Jim here... Allow me to think out loud, philosophically, for a few moments, will you? I have a gut suspicion about something, but need to think it through a bit here. I'll start with a quote:
"There have also been a number of traditions around the world that describe a divine confusion of the one original language into several, albeit without any tower [referring to the well known story of the Tower of Babylon from the Christian Bible]. Aside from the Ancient Greek myth that Hermes confused the languages, causing Zeus to give his throne to Phoroneus, Frazer specifically mentions such accounts among the Wasania of Kenya, the Kacha Naga people of Assam, the inhabitants of Encounter Bay in Australia, the Maidu of California, the Tlingit of Alaska, and the K'iche' of Guatemala. ... The Estonian myth of "the Cooking of Languages" has also been compared."
Last night, we watched a movie called Barney's Version which, among many other things, touched on the issue of Alzheimer's (or dementia). (It also touched on the issue of painfully awful movie titles, in my opinion.) But, I have to admit: Movies like that (or, even being around people affected by this) cause me to seriously look at my own life and reflect upon how I might be doing in terms of preventing not just Alzheimer's, but all major diseases.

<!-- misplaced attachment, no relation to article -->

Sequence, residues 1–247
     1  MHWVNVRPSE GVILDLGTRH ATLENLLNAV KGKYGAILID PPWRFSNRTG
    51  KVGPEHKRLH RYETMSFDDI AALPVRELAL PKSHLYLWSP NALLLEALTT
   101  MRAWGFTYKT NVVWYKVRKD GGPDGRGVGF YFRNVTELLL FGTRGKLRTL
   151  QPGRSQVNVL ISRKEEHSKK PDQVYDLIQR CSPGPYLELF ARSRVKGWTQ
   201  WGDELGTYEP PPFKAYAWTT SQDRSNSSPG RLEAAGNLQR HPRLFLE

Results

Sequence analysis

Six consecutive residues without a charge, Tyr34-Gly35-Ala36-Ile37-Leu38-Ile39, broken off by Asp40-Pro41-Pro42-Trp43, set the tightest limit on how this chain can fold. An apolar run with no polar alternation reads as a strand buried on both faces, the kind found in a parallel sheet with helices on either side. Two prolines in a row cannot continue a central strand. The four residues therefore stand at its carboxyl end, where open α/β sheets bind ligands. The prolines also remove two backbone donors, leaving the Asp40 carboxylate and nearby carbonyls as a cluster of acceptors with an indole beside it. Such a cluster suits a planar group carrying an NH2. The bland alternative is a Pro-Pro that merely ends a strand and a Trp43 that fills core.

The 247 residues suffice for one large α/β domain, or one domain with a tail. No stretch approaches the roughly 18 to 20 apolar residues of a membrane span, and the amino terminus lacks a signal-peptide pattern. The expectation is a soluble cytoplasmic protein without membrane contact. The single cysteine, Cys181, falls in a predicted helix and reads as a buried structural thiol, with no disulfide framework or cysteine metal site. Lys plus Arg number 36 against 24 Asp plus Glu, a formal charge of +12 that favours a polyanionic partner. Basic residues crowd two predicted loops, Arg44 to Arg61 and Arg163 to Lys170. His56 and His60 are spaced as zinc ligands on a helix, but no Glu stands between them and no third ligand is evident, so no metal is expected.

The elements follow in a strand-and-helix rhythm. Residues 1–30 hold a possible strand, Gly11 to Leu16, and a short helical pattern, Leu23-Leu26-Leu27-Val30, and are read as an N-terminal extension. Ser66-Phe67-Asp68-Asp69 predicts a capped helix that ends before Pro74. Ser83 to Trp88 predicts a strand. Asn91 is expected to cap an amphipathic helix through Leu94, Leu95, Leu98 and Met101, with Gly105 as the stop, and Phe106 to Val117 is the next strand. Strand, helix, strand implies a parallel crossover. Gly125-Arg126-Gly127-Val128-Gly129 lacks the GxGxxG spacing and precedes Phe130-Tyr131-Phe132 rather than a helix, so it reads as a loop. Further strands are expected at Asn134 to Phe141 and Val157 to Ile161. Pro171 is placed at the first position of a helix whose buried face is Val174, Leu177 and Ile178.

My grandmother had severe dementia, and we witnessed the full progression of this awful condition for many years. I felt awful for her and readily admit that it scared the hell out of me to know that a formerly sharp, witty human being could end up this way. If you've never been around it, trust me: You do not want this for yourself or anyone.
After making a 'batch' of green smoothies, what is generally considered an appropriate serving size?
Thanks for the question, Gary!? I don't think I can give an across-the-board answer to fit everyone, since we're all so wonderfully different. The answer would have to take into consideration various factors, such as:
When it comes to healthy eating, most of us know what is and isn't healthy for our bodies. Sure, we've been a bit confused by what the media and our government tells us, but overall I think we can all confidently say we know that consuming fresh fruits and vegetables is going to be a healthier choice than eating a McDonald's hamburger and fries. Right
But, what do we do when we're dealing with stress in our lives? What if when we're stressed we instantly head to McDonald's to eat the burger and fries we know aren't healthy for us? Or what if we consume large quantities of cakes, candies, or ice cream when we're overcome with stress